These empowering outcomes required multidisciplinary collaboration to understand the user context and design the technology in an integrated way, all the way from product concept to installation to repayments.
Browse the skill sets below required to develop the ATEC* biodigester into a successful, scalable commercial product and understand how different technical skills along with a deep understanding of the user context are required to develop the most appropriate solution.
ICT, software engineering and electronics engineering
Users pay-off the cost of the biodigester in small monthly installments through mobile money providers such as Wing, which follows the PAYGO concept. Payment is regulated by ATEC* using the Angaza Hub system. The Angaza Hub tracks when customers make their payments to ATEC*’s account. When a payment is made the Angaza Hub will send an SMS activation code to the user which is entered into the PAYGO box using a numeric keypad that can be powered by a small solar panel. The activation code opens a solenoid valve which allows the biogas to continually flow. The days remaining of credit are shown on the LCD screen, and if the credit runs out before the user makes the payment the valve will switch closed until a new code is entered.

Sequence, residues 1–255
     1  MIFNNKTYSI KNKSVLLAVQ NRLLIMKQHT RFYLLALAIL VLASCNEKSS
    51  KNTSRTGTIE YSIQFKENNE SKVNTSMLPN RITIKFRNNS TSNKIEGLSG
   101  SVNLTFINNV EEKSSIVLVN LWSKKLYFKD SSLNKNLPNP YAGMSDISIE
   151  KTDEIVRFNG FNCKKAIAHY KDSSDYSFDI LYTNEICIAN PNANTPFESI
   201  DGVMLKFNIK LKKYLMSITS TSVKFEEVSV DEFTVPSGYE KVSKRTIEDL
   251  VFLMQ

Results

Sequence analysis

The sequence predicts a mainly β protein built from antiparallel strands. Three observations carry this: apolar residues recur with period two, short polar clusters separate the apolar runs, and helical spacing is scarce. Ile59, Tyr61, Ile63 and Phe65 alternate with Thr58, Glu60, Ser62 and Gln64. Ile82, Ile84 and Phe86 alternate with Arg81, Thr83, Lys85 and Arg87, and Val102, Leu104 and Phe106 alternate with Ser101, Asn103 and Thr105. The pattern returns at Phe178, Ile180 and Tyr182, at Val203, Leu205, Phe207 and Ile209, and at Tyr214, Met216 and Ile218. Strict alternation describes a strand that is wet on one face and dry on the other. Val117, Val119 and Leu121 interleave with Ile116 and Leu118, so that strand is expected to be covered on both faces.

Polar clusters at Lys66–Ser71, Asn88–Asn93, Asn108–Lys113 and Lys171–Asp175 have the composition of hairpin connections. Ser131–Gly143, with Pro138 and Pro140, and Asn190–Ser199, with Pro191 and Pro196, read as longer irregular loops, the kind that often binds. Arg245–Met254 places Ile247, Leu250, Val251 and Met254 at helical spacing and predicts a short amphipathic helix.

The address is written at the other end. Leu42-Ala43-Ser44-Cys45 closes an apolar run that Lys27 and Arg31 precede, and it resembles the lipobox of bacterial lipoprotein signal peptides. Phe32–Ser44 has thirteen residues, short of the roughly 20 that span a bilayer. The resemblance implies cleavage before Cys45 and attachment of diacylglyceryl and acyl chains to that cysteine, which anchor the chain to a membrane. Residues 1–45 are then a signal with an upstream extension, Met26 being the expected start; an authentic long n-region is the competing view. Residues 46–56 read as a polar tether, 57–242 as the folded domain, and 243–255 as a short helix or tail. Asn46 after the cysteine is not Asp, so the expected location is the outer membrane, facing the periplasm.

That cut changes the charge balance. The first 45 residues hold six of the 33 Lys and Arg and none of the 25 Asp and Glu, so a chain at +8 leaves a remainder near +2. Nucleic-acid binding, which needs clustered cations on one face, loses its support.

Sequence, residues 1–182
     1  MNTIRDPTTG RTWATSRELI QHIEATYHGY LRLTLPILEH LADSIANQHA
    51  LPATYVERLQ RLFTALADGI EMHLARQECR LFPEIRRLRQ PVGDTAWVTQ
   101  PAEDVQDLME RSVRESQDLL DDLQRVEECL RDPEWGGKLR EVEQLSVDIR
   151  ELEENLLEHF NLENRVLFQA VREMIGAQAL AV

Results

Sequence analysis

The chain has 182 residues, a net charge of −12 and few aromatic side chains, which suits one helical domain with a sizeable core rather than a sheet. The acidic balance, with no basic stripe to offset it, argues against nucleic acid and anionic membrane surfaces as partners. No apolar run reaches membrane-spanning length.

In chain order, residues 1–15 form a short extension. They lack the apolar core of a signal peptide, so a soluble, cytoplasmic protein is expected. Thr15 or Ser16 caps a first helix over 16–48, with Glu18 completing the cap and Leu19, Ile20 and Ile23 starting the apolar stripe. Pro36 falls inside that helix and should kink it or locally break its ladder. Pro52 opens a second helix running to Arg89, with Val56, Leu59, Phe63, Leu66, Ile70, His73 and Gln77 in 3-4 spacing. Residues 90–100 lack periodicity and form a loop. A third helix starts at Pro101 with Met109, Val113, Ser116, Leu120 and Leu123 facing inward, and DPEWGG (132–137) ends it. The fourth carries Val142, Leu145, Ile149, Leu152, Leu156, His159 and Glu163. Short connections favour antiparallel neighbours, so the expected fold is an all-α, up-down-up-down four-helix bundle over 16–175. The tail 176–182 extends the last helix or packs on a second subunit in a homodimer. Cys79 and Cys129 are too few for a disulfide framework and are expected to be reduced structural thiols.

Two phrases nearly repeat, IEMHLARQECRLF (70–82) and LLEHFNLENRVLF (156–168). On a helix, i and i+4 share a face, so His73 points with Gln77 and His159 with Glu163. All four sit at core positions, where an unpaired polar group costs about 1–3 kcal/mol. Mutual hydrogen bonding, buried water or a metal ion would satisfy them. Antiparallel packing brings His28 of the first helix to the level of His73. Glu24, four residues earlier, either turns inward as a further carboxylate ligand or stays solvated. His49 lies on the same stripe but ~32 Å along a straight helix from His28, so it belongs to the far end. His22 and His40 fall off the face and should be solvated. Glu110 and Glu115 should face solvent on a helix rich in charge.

CommCare is used as the case management software that allows ATEC* staff to manage new and existing customers in one place. The Angaza Hub is integrated with Commcare so that when customers are late paying they are flagged in the database which triggers a phone call by ATEC* staff to support the customer in making payment or ascertaining if there are any other issues.